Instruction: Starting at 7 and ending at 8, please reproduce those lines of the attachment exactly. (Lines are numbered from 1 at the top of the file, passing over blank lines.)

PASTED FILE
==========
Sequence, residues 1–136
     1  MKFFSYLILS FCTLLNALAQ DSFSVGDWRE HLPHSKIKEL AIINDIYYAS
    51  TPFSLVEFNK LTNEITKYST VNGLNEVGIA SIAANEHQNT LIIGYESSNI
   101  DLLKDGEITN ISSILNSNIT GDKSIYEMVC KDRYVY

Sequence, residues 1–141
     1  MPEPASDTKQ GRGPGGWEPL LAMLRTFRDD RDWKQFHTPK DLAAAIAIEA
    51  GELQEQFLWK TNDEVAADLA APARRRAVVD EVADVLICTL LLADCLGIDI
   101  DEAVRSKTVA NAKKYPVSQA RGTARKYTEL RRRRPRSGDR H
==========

    51  GELQEQFLWK TNDEVAADLA APARRRAVVD EVADVLICTL LLADCLGIDI
   101  DEAVRSKTVA NAKKYPVSQA RGTARKYTEL RRRRPRSGDR H